The Internet of Things (IoT) has made access to information and control systems easier. These has created expansive opportunities for improved efficiencies. Connected devices and systems offer the possibility of ubiquitous access, which equates to more possible entry points for both authorized and unauthorized users. As more devices become connected to each other and to the internet, the overall risk and impact of a compromise increase, along with the possibility of a cascading effect in the event of a cyber attack. Navigation, propulsion, and other vessel operation systems can be hijacked.
Following are a few of the steps that may be taken to reduce the risk of cyber attack:
• Utilizing unique passwords and changing passwords on a regular basis.
• Installing software updates and patches promptly upon receipt.
• Routinely checking the IT system for malware.
• Backing up data frequently onto a stand-alone device disconnected to the IT system.
• Two-factor identification is an effective means of ensuring that persons seeking access to an IT system are properly authorized, but few entities utilize it.
• Cyber security training is vital. Since the threat evolves rapidly, the training must be continual.
The US Coast Guard recently issued a Marine Safety Information Bulletin advising the maritime industry to be on guard against email phishing and malware intrusion attempts. Cyber adversaries were reported to be attempting to gain access to sensitive information including the content of notice of arrival (NOA) messages. Masters of US vessels were reminded of the obligation to report suspicious cyber activity to the USCG National Response Center (NRC). Unsolicited emails, particularly those requesting sensitive information or including attachments, should be verified by contacting the sending entity via separate means prior to acting or downloading any attachments.
Cyber security procedures and protocols must be laid out in the safety management system (SMS) of the vessel and the company. Failure to do so constitutes a deficiency and may result in the vessel being determined unseaworthy.
Baltic and International Maritime Council (BIMCO), the largest international shipping association, has developed a new cyber security clause for use in maritime contracts requiring parties to implement cyber security procedures and systems to reduce the risk of an incident.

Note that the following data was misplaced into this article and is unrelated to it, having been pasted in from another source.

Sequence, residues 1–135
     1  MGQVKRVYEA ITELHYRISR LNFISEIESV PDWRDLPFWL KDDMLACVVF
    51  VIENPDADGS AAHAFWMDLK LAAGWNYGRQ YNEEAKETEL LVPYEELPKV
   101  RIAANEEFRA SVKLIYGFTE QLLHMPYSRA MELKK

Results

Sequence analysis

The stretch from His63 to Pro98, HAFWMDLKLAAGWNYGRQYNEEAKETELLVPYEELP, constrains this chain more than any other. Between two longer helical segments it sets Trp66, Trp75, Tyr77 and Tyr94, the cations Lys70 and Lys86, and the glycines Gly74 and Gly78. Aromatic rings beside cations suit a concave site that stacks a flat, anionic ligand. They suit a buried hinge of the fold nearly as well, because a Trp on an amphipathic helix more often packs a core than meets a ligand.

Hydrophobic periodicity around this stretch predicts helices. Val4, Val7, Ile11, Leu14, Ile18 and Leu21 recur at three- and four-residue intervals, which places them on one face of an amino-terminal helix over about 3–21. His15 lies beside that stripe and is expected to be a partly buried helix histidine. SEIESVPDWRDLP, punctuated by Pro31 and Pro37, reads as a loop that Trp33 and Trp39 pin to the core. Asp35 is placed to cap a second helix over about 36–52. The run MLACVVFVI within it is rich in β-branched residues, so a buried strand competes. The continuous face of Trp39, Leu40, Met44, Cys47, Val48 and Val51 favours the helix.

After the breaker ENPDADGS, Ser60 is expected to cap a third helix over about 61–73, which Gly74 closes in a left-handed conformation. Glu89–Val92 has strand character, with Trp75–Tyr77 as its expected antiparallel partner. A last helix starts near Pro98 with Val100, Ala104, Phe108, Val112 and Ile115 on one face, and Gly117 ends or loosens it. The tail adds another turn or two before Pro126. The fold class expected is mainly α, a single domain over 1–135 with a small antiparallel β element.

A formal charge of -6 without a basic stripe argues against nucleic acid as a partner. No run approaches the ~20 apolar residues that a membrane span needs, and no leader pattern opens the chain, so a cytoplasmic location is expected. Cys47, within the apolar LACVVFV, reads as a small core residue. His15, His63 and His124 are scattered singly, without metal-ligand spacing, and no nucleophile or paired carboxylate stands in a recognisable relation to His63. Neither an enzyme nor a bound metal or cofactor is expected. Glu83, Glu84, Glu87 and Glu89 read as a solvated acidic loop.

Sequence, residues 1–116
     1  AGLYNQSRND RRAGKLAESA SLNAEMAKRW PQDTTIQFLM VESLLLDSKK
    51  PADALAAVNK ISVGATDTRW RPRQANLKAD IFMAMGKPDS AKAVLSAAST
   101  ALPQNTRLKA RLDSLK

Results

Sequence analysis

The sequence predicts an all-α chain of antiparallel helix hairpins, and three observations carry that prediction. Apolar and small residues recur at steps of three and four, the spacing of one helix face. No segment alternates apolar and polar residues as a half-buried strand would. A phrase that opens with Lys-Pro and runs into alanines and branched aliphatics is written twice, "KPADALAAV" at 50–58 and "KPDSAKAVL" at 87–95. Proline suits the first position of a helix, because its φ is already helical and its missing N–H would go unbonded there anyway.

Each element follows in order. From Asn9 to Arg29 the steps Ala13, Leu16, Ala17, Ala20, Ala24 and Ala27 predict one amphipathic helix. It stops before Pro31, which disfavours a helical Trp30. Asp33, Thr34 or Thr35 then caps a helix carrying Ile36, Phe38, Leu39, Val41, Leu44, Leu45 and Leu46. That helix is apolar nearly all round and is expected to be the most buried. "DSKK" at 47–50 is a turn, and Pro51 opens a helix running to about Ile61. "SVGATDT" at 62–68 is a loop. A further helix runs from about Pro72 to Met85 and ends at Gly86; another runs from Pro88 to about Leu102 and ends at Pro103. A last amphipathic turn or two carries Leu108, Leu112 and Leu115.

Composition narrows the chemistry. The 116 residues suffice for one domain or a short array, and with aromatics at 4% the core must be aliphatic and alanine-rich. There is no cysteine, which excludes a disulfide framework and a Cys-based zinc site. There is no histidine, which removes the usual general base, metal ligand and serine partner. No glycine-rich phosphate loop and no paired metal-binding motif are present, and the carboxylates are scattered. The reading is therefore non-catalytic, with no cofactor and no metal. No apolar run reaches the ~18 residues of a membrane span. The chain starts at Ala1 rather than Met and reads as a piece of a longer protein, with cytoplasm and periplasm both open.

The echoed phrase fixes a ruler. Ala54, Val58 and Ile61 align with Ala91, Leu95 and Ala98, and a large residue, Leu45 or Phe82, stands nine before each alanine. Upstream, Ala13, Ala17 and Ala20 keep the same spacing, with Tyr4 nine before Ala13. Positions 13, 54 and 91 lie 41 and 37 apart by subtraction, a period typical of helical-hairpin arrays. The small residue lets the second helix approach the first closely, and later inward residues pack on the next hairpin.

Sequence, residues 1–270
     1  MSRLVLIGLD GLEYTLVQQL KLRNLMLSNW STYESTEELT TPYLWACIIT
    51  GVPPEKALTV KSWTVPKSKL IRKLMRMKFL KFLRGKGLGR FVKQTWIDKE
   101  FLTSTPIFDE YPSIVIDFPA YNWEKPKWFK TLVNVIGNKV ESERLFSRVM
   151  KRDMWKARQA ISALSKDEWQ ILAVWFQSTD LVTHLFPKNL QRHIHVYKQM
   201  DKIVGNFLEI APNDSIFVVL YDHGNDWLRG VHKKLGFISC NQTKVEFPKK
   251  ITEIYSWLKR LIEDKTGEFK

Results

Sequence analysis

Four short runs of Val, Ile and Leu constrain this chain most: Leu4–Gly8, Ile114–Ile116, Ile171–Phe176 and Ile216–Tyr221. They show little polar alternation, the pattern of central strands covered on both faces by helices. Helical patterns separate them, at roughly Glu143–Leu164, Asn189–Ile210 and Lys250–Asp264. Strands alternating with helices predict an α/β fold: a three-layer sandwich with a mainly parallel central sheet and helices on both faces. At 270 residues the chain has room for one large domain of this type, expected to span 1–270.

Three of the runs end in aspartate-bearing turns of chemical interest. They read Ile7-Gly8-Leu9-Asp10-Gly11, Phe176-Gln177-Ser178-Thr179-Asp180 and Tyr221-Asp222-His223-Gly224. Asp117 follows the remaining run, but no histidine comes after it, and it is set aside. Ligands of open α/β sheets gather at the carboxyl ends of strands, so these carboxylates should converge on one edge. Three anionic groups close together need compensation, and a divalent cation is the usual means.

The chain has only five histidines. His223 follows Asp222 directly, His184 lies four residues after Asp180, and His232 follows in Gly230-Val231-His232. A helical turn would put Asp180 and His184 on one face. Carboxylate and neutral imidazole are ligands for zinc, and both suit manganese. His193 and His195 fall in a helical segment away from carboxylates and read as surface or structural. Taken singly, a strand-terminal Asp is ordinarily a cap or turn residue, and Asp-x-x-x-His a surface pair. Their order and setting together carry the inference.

The International Organization for Standardization (ISO) and the International Electrotechnical Commission (IEC) jointly developed the information security standard ISO/IEC 27001. The standard specifies a management system intended to bring information security under management control and lays out specific requirements for conformance. Organizations meeting those requirements may be certified by an accredited certification body following successful completion of an audit. Such certification is generally considered the gold standard in cyber security.
Cyber experts say that they are two kinds of company IT systems: those known to have been hacked and those that don’t yet know that they have been hacked. This may be an over-statement, but not by far. There are so many threats and the sophistication of those threats is increasing so fast that the IT system administrators are getting overwhelmed. Entities and individuals should take as many steps as possible to protect their IT systems and data. Continual vigilance is required.
Other stories from July 2019 issue
- Maritime Cyber Alert page: 10
- Setting the Course for Low Carbon Shipping page: 12
- Regulatory Crewing Challenges for Offshore Wind Vessels page: 14
- Will High-Speed Container Transport Ever Work? page: 18
- Offshore wind: One-stop power conversion page: 23
- Interview: Douglas Prothero, CEO, The Ritz-Carlton Yacht Collection page: 26
- Interview: Fredrik Johansson, Tillberg Design of Sweden page: 32
- Admiral Schultz Emphasizes Maritime as a Driver of U.S. Commerce page: 36
- IMO2020: The Rise of Bulk Liquid Hydrogen in Norway page: 44